Nearly 10 months after last September’s gas explosions in Lawrence, Andover and North Andover, more than 70 percent of the nearly 900 small, locally-owned businesses affected by the disaster have returned to pre-crisis operations, according to a status report provided by the collaboration of non-government organizations, nonprofits, municipalities and state government officials spearheading the recovery.
Since the explosions on Sept. 13, 2018, the coalition has conducted outreach to impacted businesses through nearly 4,000 site visits, phone calls and other efforts; helped small businesses secure $500,000 in loans; provided technical assistance in hiring, accounting and marketing; and assisted with claims filings. More than 200 businesses received resiliency training and specialized support.
As a result of the explosions and subsequent service disruptions, markets and restaurants lost their inventories; closed businesses lost their employees and key staff; and customers, who were forced to change their spending habits due to the explosions, were no longer frequenting their favorite coffee shops, convenience stores, salons and other businesses. Owners struggled to pay their bills, feed their families and afford housing.
While touting the progress, the coalition also cautioned that there is much work still to be done to support nearly 30 percent of businesses in the region that are not back to normal.
“As a small business owner who was affected by the gas explosions, I am all too familiar with the disruption and economic loss suffered by other business owners in the area,” said State Senator Barry Finegold. “Making those affected by the Columbia Gas explosions whole is among my top priorities as a State Senator, and I’m grateful to the Lawrence Partnership and participating organizations for providing these much-needed resources for small business owners. The majority of businesses are back to where they were before the explosions, thanks in large part to these stabilizing efforts.”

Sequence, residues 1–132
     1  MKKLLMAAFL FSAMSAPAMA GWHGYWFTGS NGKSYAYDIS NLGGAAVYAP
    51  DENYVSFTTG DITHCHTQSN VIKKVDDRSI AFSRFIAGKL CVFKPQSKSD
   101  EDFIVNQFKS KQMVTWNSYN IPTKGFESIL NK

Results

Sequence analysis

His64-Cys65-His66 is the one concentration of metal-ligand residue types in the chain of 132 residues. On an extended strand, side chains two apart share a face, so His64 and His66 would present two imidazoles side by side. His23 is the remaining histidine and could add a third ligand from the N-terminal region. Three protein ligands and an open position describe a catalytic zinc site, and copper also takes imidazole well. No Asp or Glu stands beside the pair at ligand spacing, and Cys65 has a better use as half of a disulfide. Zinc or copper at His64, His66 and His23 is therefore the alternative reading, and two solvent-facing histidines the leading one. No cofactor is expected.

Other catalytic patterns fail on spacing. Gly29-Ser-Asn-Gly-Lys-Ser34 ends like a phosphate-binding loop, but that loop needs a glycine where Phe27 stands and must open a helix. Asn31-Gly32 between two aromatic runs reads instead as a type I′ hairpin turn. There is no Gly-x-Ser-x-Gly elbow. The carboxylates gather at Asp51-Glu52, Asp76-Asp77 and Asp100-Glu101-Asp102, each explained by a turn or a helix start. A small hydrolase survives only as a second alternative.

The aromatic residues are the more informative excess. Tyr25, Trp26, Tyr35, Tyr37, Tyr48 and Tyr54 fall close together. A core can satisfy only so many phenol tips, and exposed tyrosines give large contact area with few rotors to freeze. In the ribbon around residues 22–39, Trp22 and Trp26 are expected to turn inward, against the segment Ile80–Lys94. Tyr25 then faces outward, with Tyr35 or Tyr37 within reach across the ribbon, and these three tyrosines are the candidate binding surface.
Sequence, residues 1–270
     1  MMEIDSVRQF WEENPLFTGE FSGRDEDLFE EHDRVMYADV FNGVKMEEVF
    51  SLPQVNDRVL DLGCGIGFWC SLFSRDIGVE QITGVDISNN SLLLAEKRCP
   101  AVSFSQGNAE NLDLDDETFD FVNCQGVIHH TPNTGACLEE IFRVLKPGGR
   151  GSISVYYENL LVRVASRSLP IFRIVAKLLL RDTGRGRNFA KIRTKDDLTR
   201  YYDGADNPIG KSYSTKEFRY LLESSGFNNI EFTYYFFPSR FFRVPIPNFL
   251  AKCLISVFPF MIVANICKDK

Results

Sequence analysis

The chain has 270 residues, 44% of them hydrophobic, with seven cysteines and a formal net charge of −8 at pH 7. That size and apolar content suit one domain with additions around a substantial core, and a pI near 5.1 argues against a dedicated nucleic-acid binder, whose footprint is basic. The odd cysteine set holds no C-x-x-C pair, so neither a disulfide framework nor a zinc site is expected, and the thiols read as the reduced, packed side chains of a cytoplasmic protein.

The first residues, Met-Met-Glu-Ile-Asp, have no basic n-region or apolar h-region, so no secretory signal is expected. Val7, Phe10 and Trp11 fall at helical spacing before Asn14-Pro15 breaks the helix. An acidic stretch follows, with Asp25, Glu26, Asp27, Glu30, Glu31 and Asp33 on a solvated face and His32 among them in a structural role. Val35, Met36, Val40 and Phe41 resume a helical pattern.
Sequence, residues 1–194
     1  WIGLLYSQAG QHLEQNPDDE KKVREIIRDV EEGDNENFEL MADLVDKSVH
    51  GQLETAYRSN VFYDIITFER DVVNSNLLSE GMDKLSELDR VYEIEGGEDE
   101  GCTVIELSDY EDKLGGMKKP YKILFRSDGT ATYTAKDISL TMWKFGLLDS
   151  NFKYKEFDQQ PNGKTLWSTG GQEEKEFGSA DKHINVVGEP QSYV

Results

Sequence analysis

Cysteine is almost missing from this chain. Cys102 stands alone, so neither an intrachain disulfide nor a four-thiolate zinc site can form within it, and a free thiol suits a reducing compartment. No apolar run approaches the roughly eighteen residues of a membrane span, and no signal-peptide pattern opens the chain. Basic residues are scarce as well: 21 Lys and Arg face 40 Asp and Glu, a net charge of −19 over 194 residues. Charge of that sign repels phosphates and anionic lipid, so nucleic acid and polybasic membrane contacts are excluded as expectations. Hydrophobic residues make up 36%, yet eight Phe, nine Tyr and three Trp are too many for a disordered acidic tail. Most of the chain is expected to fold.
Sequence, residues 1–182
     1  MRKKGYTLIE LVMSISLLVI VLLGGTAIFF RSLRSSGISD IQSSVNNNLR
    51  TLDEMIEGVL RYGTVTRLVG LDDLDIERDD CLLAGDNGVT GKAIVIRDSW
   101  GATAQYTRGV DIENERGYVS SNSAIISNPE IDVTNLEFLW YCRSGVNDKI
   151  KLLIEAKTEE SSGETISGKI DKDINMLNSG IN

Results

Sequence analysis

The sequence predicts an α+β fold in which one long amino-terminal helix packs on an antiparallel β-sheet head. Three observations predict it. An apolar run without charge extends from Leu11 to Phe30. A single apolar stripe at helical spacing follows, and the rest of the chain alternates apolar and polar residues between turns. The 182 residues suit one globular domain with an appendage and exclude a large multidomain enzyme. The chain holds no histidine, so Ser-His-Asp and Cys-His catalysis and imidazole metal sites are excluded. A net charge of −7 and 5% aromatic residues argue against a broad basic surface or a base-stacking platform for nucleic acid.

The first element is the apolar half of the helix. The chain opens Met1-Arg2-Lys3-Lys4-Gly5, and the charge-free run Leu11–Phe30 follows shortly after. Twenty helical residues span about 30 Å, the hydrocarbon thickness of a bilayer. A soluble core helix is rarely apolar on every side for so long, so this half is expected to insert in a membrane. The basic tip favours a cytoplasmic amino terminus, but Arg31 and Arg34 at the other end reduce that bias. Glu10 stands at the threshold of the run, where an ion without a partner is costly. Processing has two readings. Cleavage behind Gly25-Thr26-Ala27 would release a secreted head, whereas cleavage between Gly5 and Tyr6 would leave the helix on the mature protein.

Business leaders, town employees from Lawrence, Andover and North Andover, state officials, and community advocates comprised the heart of the coalition, whichmet on an almost weekly basis to respond to the initial crisis and develop and implement integrated programming to support impacted business.
Leveraging a financial commitment to business resiliency in the region from Columbia Gas and entrusted to the Essex County Community Foundation, the coalition, convened by the Lawrence Partnership, has built on the work it started in the immediate aftermath of the tragedy. The group aligned resources, developed strategies and implemented a variety of critical services to help these businesses back to life.
- EforAll/EparaTodos, a bilingual nonprofit focused on business development, has spearheaded the outreach work and claims support to the affected businesses through nearly 4,000 site visits, phone calls and other activities. They have made 400 secondary referrals connecting affected businesses with technical assistance and have helped more than 50 businesses secure an additional combined $100,000 in claims from Columbia Gas.